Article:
When Metro’s Silver Line project received approval for $1.9 billion in federal Transportation Infrastructure Finance and Innovation Act (TIFIA) loans last May, it seemed as though funding challenges for the line’s Phase 2 were solved.
But that money may now be in jeopardy, and Rep. Gerry Connolly is urging his fellow Congressmen to act quickly to reach a solution.
The U.S. Department of Transportation has notified all states that restrictions will be placed on their federal highway funds starting Aug. 1 because the Highway Trust Fund, which funds the TIFIA loans, is bordering on bankruptcy. Some experts have estimated the fund needs an infusion of more than $6 billion to move forward.
“The urgency for Congress to address the shortfall in the Highway Trust Fund grows with each passing day,” Connolly said late last week. “Road, bridge, and eventually mass transit improvements in every state are at risk of grinding to a halt in a matter of weeks in the heart of the summer construction season unless we act responsibly to address this challenge.”
While Phase 1 of the $5.6 billion rail line — which is slated to open July 26 — received $900 million in federal funding, Phase 2 originally received none. Many observers, including citizen advocacy group Reston 2020, predicted a large spike in tolls to make up the difference.
Tolls have risen the last three years, but with TIFIA loans in place they would remain frozen for five years, MWAA officials said last spring. Phase 2 is also slated to receive $300 million from the Commonwealth of Virginia.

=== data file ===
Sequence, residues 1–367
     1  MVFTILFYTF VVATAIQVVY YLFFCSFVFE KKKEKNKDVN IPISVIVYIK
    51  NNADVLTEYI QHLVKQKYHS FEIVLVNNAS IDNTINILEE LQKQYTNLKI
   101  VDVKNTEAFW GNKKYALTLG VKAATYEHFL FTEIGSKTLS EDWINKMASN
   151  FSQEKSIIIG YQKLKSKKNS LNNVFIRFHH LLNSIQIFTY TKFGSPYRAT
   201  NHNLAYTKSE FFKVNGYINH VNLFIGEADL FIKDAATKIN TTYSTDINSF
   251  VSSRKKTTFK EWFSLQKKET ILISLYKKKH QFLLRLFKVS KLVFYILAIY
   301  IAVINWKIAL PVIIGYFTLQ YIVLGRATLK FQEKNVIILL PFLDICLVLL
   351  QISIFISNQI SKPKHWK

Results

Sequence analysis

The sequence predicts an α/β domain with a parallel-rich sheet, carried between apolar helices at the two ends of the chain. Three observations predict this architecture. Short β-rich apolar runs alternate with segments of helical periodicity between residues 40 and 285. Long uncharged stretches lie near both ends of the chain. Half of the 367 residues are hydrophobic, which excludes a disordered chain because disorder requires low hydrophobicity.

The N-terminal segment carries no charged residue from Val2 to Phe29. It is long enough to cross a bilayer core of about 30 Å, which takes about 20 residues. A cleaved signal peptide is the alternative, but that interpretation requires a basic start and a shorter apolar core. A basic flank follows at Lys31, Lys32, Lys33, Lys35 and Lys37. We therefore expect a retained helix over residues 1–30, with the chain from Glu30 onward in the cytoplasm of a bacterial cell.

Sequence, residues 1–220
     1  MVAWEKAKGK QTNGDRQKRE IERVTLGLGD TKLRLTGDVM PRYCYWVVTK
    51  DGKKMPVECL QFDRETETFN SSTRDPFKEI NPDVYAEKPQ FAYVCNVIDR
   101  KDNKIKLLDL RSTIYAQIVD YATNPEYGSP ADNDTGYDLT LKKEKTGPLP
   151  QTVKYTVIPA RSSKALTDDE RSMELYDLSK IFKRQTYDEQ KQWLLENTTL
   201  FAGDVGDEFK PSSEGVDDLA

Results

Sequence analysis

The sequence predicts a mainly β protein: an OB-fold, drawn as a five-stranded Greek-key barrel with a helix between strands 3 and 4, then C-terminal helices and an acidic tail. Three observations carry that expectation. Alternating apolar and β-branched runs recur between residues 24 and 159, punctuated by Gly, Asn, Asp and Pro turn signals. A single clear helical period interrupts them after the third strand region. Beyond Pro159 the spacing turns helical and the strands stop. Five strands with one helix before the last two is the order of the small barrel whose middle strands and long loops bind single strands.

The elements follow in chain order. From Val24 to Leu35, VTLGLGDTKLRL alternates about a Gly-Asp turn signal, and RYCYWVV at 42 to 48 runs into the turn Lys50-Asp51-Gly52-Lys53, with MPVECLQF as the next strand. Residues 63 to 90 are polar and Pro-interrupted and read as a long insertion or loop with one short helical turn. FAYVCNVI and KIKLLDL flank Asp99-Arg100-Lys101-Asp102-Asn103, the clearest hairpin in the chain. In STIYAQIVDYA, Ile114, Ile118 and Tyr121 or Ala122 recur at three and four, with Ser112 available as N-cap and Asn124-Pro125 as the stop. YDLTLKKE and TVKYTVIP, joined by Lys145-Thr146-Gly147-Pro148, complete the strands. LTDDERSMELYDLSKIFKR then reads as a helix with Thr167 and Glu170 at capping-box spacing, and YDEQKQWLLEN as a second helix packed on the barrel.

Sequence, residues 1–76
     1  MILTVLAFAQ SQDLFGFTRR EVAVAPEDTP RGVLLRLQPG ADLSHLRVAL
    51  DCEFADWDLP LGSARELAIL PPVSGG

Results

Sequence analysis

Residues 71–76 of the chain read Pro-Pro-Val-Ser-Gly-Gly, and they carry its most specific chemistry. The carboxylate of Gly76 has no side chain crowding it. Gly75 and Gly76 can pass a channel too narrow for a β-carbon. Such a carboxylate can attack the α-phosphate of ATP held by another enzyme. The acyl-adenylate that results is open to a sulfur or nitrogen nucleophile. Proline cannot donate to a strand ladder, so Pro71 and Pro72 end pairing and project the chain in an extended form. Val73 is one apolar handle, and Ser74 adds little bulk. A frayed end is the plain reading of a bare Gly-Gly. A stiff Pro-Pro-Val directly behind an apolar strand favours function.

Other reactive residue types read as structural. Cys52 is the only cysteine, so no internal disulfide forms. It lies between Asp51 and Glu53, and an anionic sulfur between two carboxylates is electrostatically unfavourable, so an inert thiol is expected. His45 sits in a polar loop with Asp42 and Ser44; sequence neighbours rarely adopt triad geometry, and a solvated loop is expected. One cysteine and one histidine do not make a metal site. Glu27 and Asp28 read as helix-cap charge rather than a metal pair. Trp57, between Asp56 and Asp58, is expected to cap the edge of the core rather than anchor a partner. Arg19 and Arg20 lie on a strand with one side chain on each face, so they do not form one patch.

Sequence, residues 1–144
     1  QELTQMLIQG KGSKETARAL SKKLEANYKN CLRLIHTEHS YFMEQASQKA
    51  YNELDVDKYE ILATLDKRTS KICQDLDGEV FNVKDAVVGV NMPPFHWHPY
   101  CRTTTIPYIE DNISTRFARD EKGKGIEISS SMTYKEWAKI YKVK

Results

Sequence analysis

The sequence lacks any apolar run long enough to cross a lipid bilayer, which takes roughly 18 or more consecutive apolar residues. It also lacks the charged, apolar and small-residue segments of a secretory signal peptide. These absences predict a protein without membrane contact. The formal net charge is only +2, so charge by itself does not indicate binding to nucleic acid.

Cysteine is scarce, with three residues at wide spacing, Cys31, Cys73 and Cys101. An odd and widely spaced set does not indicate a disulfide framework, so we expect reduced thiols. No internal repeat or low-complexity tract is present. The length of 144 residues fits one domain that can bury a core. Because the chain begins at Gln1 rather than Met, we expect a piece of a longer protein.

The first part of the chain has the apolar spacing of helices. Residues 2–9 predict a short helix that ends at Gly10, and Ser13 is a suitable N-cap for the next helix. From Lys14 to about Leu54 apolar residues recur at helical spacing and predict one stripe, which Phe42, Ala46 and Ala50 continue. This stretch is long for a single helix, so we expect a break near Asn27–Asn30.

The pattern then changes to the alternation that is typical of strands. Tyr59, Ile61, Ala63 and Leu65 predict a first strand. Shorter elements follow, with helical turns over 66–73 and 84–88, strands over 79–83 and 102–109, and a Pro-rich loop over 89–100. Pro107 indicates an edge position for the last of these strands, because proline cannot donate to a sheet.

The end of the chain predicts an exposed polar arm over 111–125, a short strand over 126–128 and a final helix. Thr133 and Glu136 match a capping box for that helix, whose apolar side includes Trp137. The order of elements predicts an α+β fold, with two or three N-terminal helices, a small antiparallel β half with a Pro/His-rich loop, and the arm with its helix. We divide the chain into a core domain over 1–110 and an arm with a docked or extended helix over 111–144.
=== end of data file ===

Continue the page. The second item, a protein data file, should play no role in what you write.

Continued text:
Phase 2 will run from Reston’s Wiehle Avenue to stations at Reston Parkway, Herndon, Route 28, Dulles International Airport and Ashburn. Phase 2 is scheduled to open in 2018.
The Silver Line’s $1.9 billion is to be largest loan in the TIFIA program’s history. Sen. Mark Warner said earlier this spring that the final approval is “great news for the future economic growth of Northern Virginia.”
The Highway Trust Fund is financed through the federal gas tax, which is currently 18.3 cents per gallon, but that surcharge has not been adjusted since 1993 and the tax has lost nearly 40 purchasing power. In recent years, Congress has had to transfer money from the General Fund to keep the Trust Fund solvent.
The U.S. Department of Transportation estimates Trust Fund expenses will exceed revenue starting in August. The nonpartisan Congressional Budget Office estimates the Trust Fund needs an infusion of $6.6 billion to meet its obligations through December.
In Virginia, nearly every mode of transportation will be negatively affected by the trust fund shortfall, said Connolly. Here are some of the other effects if the federal funds fall through, according to the Virginia Department of Transportation:
- 149 bridge replacements would be put on hold
- 175 aging buses and train cars would not be replaced
- 44 smaller transit systems would not be able to maintain service
- 350 other projects would grind to a halt
- 43,000 jobs would be lost
“Roads and bridges are crumbling in the commonwealth and in every other state,” said Connolly. “Our transportation network serves as the backbone of our economy, and it’s only a matter of time before that decay begins to negatively affect our communities and their economic competitiveness.”
Connolly recently cosponsored legislation with Rep. Chris Van Hollen (D-Maryland) to close an offshore corporate tax loophole to replenish the Trust Fund.